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Effects of different retention parameter estimation methods on the prediction of surface runoff using the SCS curve number method
KTH, School of Architecture and the Built Environment (ABE), Sustainable development, Environmental science and Engineering, Land and Water Resources Engineering. (Environmental Management and Assessment)
Stockholm University.
Florida International University, Departmet of Earth and Environment.
KTH, School of Architecture and the Built Environment (ABE), Sustainable development, Environmental science and Engineering, Land and Water Resources Engineering.ORCID iD: 0000-0002-1640-8946
2014 (English)In: Water resources management, ISSN 0920-4741, E-ISSN 1573-1650, Vol. 28, no 10, 3241-3254 p.Article in journal (Refereed) Published
Abstract [en]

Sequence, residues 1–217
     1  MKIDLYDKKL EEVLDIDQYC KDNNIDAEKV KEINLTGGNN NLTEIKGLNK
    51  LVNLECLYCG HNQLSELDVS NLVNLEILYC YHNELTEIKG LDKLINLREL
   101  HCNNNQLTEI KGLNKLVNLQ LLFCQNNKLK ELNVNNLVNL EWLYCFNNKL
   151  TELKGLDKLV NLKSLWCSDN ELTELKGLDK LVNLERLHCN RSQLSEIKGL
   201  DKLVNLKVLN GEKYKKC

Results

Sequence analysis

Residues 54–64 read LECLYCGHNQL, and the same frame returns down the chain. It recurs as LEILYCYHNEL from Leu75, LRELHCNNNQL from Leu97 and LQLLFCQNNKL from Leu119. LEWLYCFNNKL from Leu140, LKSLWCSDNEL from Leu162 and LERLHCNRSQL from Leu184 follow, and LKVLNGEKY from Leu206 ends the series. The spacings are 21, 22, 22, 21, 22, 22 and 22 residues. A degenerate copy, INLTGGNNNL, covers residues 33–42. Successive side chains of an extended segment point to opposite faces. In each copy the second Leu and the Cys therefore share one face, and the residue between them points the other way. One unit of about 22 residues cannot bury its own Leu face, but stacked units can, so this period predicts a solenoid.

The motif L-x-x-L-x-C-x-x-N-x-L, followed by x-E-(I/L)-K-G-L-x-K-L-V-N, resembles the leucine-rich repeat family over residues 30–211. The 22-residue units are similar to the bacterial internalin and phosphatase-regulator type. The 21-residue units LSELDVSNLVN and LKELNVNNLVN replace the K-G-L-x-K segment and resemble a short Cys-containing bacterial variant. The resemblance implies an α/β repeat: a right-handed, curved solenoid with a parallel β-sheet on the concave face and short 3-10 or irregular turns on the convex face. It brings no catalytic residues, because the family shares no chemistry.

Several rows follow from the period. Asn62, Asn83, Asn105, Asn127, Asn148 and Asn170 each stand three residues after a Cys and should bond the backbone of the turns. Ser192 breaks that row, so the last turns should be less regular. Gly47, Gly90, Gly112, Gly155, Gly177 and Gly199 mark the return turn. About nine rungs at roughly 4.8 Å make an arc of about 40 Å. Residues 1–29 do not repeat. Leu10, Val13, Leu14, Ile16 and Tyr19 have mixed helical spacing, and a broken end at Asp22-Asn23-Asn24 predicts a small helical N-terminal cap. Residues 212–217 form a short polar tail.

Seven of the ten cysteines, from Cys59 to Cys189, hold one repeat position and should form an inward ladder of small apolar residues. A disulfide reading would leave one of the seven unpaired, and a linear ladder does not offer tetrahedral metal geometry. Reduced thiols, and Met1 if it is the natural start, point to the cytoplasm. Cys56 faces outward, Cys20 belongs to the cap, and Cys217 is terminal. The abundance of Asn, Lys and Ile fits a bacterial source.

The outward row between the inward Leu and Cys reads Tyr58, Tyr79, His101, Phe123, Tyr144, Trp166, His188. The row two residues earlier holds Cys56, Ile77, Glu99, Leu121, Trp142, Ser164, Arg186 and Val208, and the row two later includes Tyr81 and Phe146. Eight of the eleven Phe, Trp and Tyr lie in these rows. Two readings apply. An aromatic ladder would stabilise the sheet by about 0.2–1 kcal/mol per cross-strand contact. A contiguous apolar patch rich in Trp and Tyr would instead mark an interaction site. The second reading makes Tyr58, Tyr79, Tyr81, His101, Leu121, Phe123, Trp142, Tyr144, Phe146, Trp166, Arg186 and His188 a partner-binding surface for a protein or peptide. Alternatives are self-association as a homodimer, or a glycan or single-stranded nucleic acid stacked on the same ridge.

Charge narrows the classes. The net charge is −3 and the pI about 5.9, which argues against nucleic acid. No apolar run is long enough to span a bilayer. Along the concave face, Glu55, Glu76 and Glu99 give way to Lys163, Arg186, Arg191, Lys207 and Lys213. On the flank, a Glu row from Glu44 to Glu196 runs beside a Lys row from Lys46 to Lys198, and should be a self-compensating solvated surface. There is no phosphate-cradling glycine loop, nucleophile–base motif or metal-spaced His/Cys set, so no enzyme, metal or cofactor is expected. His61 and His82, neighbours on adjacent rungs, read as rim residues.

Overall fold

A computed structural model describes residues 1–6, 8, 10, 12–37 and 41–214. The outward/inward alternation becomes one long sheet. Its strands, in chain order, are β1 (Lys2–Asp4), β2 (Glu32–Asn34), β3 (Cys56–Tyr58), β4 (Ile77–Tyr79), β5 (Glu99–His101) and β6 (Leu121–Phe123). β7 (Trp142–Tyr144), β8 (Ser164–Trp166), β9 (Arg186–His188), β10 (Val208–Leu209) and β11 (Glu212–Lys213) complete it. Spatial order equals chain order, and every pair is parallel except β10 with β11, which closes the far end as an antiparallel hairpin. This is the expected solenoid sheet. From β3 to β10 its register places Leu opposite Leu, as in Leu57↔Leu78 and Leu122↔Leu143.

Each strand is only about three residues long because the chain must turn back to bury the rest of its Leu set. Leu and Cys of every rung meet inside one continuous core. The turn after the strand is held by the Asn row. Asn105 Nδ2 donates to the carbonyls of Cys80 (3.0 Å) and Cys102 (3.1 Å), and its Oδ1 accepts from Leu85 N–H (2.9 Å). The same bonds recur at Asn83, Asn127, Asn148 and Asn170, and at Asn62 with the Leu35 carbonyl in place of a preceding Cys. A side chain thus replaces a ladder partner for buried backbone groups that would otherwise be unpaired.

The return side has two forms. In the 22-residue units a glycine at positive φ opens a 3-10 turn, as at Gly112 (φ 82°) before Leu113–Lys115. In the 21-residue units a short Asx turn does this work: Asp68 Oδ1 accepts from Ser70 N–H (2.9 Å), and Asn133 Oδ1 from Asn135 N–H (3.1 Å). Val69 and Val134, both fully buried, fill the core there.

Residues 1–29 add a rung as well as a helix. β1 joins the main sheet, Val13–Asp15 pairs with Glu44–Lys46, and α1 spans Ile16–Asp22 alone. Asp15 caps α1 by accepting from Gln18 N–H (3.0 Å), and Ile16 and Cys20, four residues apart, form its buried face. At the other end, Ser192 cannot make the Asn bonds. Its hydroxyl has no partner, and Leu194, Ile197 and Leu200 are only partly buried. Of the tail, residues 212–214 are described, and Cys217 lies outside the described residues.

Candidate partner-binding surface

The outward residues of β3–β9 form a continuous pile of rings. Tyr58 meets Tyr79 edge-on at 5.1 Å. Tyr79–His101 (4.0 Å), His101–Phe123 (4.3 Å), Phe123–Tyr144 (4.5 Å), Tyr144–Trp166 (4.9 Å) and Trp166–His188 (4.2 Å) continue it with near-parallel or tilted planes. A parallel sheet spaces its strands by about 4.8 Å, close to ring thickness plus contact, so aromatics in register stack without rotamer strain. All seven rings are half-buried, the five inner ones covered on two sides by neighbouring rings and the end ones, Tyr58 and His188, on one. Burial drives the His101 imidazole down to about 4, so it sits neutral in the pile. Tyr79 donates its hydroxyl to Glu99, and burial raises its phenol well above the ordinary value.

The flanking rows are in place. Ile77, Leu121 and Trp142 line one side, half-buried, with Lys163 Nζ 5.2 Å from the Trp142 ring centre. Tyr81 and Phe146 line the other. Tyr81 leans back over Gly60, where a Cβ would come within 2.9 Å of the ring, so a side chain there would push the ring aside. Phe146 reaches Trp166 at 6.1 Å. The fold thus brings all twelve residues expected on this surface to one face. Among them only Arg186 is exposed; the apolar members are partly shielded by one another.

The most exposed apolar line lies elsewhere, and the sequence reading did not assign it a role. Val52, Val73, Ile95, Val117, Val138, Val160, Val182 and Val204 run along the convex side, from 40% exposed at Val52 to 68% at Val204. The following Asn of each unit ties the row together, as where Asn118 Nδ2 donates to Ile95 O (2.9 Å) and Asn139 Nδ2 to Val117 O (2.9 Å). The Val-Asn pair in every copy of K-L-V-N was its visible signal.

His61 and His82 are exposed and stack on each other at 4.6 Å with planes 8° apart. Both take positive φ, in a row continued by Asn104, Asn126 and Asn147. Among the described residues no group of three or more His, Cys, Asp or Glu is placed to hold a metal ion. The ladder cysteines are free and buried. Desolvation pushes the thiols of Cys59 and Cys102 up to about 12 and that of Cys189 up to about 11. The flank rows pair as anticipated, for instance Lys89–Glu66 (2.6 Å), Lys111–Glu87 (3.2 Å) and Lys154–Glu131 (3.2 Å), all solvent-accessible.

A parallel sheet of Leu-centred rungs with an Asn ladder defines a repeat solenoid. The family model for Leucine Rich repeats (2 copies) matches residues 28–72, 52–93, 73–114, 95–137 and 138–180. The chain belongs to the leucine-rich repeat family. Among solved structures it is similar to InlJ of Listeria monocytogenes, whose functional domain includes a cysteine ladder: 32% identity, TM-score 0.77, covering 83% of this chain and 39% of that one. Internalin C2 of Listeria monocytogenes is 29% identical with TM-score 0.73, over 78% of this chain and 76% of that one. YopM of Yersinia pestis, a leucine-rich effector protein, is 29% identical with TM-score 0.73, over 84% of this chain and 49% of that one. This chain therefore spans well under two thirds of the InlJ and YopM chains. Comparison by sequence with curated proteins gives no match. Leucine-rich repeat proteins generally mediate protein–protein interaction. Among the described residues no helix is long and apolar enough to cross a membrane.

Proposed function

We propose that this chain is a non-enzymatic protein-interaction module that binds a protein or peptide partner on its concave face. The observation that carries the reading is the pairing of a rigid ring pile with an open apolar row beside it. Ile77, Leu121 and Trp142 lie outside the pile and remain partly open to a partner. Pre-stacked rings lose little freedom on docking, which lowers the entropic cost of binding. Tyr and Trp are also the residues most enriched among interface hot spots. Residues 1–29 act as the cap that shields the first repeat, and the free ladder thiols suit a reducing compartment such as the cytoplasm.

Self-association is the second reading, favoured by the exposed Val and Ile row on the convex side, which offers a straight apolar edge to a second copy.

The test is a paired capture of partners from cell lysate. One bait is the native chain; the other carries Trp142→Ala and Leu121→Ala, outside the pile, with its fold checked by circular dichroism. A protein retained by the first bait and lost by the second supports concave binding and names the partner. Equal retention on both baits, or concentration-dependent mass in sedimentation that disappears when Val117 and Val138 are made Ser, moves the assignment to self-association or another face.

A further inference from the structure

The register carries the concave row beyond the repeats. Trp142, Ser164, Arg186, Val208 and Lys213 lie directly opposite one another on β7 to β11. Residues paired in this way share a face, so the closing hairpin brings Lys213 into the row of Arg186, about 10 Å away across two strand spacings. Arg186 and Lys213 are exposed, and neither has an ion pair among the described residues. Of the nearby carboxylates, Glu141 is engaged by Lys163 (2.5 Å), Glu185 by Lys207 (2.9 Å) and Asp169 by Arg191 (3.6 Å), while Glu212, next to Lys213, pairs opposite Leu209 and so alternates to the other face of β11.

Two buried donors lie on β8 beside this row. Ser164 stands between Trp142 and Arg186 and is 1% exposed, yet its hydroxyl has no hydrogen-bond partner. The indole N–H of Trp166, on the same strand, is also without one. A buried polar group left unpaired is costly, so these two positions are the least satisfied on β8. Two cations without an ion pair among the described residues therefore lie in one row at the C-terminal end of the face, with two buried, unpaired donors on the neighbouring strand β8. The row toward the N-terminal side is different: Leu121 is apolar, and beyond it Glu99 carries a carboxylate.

Quantifying different hydrological components is an initial step for sustainable water resources planning and management. One rising concern is the conflict between the environment, hydropower and agriculture mainly in lowland areas where a large share of the base flows need to be abstracted. The Soil and Water Assessment Tool (SWAT) model was used to understand the hydrological processes of the Upper Awash River Basin with the emphasis on analyzing the different options for surface runoff generation using the Soil Conservation Service (SCS) Curve Number (CN) method. In this study, SWAT was applied incorporating two methods for estimating the retention parameter (S) for the SCS-CN method. The first allowed S to vary with soil profile moisture content (SM method) and the second allowed S to vary with accumulated plant evapotranspiration (PT method). Hydrograph comparison indicated that the PT method was better in simulating peak flows while the SM method was better in simulating the low flows. While the predicted stream flow hydrographs showed an agreement between the two methods, the simulated annual water balance indicated a disagreement in quantifying the different hydrological components. After evapotranspiration, base flow was the dominant component simulated in the SM method whereas surface runoff was the foremost in the PT method simulation. The analysis indicated that care must be taken when selecting an appropriate tool for quantifying hydrologic system to be used for decision making especially for un-gauged catchments where validation of model results is not possible.